When the original Lumines was released for the PSP, it was a system seller. Its addictive puzzle mechanics combined with pulsing beats and visuals made it an enjoyable puzzle title that one could be lost in for hours. Since then it has been released on a number of systems, including the PS2 and the Xbox Live Arcade. Its latest iteration has arrived on the PlayStation Network, and while it doesn't do much do reinvent the game, it adds another game mode and a number of new skins that might make the ear of a fan perk up.
Lumines is one of those games that are simple in concept, but complex in execution. Basically, a group of four two-toned blocks fall from the sky, and it's your job to stack them. If you make a square of the same color, they disappear when a constantly-scrolling line crosses it on the playfield. You can make larger combos by making squares across the board to increase your score even more. Though there are some simple strategies to use, the challenge comes from using the right strategy at the right time given the right block. It sounds simple, but as you play, and things get faster and more built up, things get complicated very quickly.
If you've played Lumines before, you know exactly what to expect here. That's not technically a bad thing; there's a lot of content in Supernova. First, the standard mode that defines the game comes in two flavours, basic and advanced. Then you can also work on clearing as many blocks as possible in a timed mode that lets you choose the time you're given. There's also a mission mode where you need to complete a specific task (clear the board, clear x number of rows, and so forth), and there's also a puzzle mode where you need to make specific shapes out of a single color.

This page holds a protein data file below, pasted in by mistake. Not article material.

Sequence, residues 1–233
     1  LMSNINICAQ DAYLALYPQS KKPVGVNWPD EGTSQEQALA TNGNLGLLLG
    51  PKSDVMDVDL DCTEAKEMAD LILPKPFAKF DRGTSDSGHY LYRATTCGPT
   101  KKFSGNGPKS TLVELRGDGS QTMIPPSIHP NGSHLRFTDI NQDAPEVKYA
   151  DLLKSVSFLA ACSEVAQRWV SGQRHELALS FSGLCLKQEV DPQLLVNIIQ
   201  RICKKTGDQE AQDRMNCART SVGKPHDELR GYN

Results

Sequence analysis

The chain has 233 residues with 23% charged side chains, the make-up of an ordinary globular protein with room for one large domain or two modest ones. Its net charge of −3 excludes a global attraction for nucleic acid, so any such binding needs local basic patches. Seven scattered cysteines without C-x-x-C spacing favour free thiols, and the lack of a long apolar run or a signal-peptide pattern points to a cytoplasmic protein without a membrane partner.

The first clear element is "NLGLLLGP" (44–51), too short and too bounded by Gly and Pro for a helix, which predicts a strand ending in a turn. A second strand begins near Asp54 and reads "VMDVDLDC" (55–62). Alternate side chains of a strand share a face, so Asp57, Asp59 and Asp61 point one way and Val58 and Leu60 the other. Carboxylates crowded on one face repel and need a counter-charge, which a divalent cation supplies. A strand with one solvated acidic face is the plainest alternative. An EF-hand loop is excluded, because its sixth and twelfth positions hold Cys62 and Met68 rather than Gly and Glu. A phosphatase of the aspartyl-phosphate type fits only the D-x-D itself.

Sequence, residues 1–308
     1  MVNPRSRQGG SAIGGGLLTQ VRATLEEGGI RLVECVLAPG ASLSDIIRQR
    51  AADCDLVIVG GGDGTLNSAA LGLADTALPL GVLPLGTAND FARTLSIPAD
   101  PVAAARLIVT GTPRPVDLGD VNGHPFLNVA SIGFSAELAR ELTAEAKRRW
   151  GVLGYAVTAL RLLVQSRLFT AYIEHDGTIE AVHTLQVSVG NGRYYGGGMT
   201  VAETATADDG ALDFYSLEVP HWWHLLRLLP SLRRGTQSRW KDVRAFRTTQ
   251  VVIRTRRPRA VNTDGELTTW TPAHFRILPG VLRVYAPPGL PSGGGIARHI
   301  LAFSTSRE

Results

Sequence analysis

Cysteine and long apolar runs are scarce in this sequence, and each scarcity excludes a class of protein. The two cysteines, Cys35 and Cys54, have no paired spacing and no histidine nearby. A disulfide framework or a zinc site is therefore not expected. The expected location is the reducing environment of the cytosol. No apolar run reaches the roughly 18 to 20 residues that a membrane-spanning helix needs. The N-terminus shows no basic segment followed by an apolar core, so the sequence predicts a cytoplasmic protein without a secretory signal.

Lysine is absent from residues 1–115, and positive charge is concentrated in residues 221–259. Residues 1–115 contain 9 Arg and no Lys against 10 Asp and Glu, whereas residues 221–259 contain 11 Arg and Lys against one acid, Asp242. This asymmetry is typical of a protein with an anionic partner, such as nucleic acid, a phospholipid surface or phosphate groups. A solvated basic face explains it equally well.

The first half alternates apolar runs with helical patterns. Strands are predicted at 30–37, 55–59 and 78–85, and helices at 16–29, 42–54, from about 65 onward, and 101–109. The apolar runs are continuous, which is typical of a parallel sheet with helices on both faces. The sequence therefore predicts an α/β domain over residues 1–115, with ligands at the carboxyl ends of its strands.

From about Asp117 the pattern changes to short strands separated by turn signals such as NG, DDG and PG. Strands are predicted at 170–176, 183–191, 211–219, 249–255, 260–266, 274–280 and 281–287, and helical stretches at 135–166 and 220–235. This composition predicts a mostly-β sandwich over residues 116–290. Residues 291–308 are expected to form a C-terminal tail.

New to Supernova, however, is the Dig Mode, in which you're given a board that's already filled with a few rows of blocks. Your job is to clear two columns of blocks right down to the bottom. Sounds easy, but as you complete one level, you're given another filled with blocks, this one even higher. Then another. It's a marathon of levels to see how many you can clear before succumbing to the ever-growing pile.
Another new aspect to Lumines is the ability to make your own music. Combining twenty versions of four different instruments together, you can make whatever tune you like, saving it and playing it in the game. It's not much, but it's fun to play around with, and you can get a surprising amount of variety from the different synthesizer instruments.
What it comes down to, in Supernova, is whether or no the extra content is worth the purchase of fifteen dollars. To those that have never played the game before, it's definitely worth the purchase, quite simply. However, it's harder to justify the buy to those who've already played any of the previous Lumines iterations. There's a whole lot of content in the game, including some new, unique skins (I was pleasantly surprised to find a LittleBigPlanet skin in the game), but it's still a hard purchase.
Still, in the end, Lumines is a great game to play. The basic gameplay is solid and addictive, and the skins are mesmerizing in both sound and visuals, blending with the gameplay to create a hypnotic experience. If you like the series, well then this is definitely the best of the bunch, and worth the purchase. If you're new to Lumines, well, it's certainly worth the purchase. And if you're jaded with the series…well, perhaps it's not worth it at fifteen bucks. But that doesn't mean it's still not a great game to play.